100%

Scanned image of the page. Keyboard directions: use + to zoom in, - to zoom out, arrow keys to pan inside the viewer.

Page Options

Download this Issue

Share

Something wrong?

Something wrong with this page? Report problem.

Rights / Permissions

This collection, digitized in collaboration with the Michigan Daily and the Board for Student Publications, contains materials that are protected by copyright law. Access to these materials is provided for non-profit educational and research purposes. If you use an item from this collection, it is your responsibility to consider the work's copyright status and obtain any required permission.

March 10, 1918 - Image 1

Resource type:
Text
Publication:
The Michigan Daily, 1918-03-10

Disclaimer: Computer generated plain text may have errors. Read more about this.

SUNDAY, MARCH 10, 1918.

U L I
Action of
Mill-

loub

Pact With
to Be

CAMP FORSUMMER
STILL UNCERTAIN
Michigan's summer military camp is
still uncertain. Less than 100 men have
signed up for the summer camp, mak-
ing it an unprofitable venture for the
government. The military authorities
will not make further plans for the
camp unless there are at least 200 to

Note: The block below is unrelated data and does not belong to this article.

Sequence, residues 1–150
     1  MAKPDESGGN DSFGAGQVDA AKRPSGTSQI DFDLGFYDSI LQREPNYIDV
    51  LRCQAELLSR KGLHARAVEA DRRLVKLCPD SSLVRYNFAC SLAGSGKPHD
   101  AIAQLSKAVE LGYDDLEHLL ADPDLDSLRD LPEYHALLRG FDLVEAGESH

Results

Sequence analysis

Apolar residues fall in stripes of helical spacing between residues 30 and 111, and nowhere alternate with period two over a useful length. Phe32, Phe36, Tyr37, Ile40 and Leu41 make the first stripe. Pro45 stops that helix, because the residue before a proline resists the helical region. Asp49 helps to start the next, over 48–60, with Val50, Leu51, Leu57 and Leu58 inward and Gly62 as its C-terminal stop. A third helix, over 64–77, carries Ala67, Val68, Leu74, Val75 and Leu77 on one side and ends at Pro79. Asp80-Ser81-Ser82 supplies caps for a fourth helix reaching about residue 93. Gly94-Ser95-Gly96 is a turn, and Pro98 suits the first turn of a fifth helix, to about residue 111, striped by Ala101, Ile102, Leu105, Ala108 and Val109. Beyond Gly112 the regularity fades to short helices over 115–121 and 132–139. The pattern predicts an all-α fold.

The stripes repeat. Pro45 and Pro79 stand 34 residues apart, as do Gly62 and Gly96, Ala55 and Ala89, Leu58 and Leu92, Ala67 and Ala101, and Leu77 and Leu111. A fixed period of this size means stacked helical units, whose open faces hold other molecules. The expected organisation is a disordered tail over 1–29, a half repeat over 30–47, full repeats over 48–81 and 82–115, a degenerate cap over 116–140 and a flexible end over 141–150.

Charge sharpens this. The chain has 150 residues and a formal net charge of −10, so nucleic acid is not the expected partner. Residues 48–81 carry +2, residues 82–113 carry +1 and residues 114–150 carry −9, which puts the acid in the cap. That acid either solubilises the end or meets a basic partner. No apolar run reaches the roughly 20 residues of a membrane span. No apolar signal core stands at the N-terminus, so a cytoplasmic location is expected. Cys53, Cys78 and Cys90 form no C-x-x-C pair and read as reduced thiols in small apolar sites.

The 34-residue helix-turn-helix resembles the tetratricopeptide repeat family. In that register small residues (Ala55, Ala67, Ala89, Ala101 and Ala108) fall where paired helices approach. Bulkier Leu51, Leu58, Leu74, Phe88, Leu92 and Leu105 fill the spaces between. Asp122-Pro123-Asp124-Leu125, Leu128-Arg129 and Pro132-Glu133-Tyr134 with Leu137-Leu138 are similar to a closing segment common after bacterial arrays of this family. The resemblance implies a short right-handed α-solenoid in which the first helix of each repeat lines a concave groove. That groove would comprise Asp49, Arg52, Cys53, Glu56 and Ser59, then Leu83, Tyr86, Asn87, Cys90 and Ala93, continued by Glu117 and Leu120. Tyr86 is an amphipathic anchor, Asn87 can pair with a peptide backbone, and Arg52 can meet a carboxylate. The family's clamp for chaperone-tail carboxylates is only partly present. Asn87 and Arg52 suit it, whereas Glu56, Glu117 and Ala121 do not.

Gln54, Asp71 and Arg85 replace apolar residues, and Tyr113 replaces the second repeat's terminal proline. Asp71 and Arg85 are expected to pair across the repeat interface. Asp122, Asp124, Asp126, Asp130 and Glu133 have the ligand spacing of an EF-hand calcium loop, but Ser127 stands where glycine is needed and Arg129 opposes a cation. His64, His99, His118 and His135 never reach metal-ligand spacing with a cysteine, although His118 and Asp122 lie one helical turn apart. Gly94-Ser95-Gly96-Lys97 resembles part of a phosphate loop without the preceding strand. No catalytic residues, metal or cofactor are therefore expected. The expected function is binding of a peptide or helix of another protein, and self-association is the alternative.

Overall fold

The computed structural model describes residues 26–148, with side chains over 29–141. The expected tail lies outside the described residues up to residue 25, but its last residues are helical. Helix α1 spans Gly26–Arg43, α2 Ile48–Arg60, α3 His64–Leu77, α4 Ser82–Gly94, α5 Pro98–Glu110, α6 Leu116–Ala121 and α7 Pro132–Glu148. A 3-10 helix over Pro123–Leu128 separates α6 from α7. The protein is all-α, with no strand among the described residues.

250 men willing to undergo the in-
tensive training.
"Men attending such a summer
camp will receive more benefit during
the seven weeks than one hour a day
in a semester's work in the Univer-
sity," said Lieut. Losey J. Williams in
an interview yesterday afternoon.
"There is no question about the prob-
ability of a number of students going
to war before next fall, and at a sum-
ner training camp, the work is more
beneficial, due to the fact that the
cadets get a real taste of military
life,"
NEW MARINE ISERES
ORDJERED IN OUNERSITY

that

MUCH
ONBI

(By Associated Press)
March 9.-While Nikolai Lenine, the
Bolshevik leader, is bending every ef-
fort to obtain ratification by the Rus-
sian congress to meet in Moscow
March 14 of the peace rteaty. signed
with the central powers, his colleagues
are dropping from him, or are being
dropped by him.
The latest man to go is Leon Trotz-
ky, commissioner of foreign affairs.
Trotzky's resignation pronounced at a
meeting in Petrograd, quickly follow-
ed that of Ensign Krylenko, the Bol-
shevik commander-in-chief.
Oust Bolsheviki
Meanwhile there are reports froin
Russian sources that a movement by
social revolutionists, launched at a
Moscow conference, has as its aim
the ousting of the Bolshevik govern-
ment and the repudiation of the peace
treaty. A large army with Cossack
support is being organized in the Don
district, it is declared.
The setting up of a republic with a
coalition government is proposed.
Roumania Makes Peace
Petrograd has announced the sign-
ing of a peace between Russia and
Roumania. Under its terms, Rou-
mania is to evacuate Besserabia. This
is the Russian province which Rou-